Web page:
Also, its big by design: it was for people who didn't have central heating or electricity and wanted double ovens.

Last edited by Melbourne; 10-20-2017 at 05:22 AM.
  #14  
Old 10-20-2017, 07:12 AM
CairoCarol CairoCarol is offline
Guest
 
Join Date: Mar 2005
Location: Indonesia and Hawaii
Posts: 4,180
I don't know much about Aga ranges (they had some on display in a high-end mall here in Jakarta...I scurried away since, as we only rent, there was no point in being tempted) but I share your affection for Two Fat Ladies.
__________________
If I waited for memory to serve, I'd starve.
  #15  
Old 10-20-2017, 07:31 AM
Evan Drake Evan Drake is online now
Guest
 
Join Date: Nov 2016
Posts: 2,562
It seems AGA, Aktiebolaget Gas Accumulator, was invented by a blind Nobel Prize winning Swede to help his wife.

The British AGA is now owned by an American Corp.



No doubt other Euro countries had their own AGA companies --- or just bought them from Swedish AGA, now owned by a German Corp.
  #16  
Old 10-20-2017, 11:07 AM
RobDog RobDog is offline
Guest
 
Join Date: Apr 2012
Location: London, England
Posts: 1,830
We inherited a gas-fired Aga with the London house we bought 6 years ago. I have the following observations.

1) Yes, it was more expensive to run than a standard cooker, what with it being on all the time. Having said that, once it had reached operating temperature it required only a little fuel to maintain it. Once you started using it though it would start to suck gas again.

2) Someone above mentioned that it maintains a constant temperature, but that wasn't my experience. After a long period of use (Christmas day for example) the operating temperature gauge would drop considerably. One mitigated against this by cooking slightly differently, eg never simmering things on the hotplates for the full cooking time, but bringing the dish to a boil, then moving it to the simmering oven. You more or less have to abandon the notion of cooking something at x degrees per y lbs plus z minutes, and go back to the method of "and cook it until it be ryte well dun". Joints of meat did cook beautifully though (supposedly a radiance vs convection thing?)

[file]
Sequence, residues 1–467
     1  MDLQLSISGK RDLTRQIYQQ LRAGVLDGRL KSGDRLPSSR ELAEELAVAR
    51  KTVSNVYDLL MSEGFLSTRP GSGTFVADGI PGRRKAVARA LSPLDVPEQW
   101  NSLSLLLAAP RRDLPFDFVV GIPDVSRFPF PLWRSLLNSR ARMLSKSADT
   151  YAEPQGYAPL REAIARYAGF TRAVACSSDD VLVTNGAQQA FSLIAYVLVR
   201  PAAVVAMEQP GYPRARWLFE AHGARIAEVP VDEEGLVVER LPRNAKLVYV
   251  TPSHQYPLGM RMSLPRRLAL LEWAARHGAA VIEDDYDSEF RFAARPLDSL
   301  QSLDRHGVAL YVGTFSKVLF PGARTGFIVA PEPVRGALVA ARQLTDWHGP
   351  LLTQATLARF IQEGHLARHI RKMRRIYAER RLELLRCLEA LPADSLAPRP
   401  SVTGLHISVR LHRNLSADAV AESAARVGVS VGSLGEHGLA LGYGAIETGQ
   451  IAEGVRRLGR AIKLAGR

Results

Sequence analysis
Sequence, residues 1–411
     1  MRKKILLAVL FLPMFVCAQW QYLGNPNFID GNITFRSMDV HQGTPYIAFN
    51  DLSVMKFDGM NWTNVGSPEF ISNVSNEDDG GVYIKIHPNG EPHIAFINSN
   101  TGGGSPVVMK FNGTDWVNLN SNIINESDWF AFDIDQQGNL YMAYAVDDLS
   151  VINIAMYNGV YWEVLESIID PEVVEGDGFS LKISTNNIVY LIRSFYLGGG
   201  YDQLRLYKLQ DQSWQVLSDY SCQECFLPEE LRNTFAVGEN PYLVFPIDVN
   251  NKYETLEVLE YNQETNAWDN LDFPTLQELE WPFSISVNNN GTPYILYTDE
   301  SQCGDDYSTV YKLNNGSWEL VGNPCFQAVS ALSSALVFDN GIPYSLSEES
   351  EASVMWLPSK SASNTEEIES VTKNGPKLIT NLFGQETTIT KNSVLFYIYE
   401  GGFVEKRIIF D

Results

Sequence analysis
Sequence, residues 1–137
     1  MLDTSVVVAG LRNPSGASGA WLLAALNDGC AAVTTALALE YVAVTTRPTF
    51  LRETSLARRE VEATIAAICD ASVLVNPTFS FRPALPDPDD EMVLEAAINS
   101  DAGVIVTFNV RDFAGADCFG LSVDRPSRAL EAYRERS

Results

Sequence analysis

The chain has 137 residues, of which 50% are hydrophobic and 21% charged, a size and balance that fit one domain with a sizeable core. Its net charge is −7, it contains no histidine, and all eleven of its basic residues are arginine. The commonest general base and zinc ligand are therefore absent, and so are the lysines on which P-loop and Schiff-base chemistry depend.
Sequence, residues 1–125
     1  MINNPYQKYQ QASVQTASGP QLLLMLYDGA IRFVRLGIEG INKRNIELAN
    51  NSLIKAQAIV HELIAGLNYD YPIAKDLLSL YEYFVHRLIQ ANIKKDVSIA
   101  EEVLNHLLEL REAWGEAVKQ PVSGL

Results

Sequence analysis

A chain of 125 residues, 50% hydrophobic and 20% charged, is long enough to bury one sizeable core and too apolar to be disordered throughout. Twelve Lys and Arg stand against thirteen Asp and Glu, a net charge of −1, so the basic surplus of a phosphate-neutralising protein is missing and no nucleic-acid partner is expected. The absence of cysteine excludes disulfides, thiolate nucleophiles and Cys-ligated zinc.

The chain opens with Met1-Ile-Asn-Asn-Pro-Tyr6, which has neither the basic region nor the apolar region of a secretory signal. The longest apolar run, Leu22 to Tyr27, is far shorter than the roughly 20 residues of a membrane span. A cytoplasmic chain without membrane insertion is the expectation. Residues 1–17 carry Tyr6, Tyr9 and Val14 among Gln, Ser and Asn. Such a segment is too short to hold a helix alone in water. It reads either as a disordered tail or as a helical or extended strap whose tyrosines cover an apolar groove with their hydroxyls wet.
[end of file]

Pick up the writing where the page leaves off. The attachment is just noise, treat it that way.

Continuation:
3) The hotplates were never really hot enough. Certainly not for flash frying.

4) They certainly do heat up the kitchen, and how! Ours was switched off for at least 6 months of the year and we switched over to the gas hob / electric oven for the other 6, otherwise the heat would have been intolerable.Cozy in winter though, and yes, occasionally it was handy not having to wait until it heated up.

5) They can be fussy little bitches, well certainly the gas-fired ones. We had to have it serviced once a year. If we didn't it would refuse to start after its 6 month hibernation.

So, unless you live in a cold climate (far north of Sweden perhaps), and you're going to use it to provide heating and hot water as well as cooking... not worth it.

As it happens, we moved from London to the countryside about a year ago, and inhereted another Aga. This time though a completely knackered solid-fuel burning model. There's no way we're paying to have it renovated; who wants to get up at 5am every morning to fill it up with coke or whatever the damn thing eats. So we're stuck with it, we can't even get rid of it for scrap value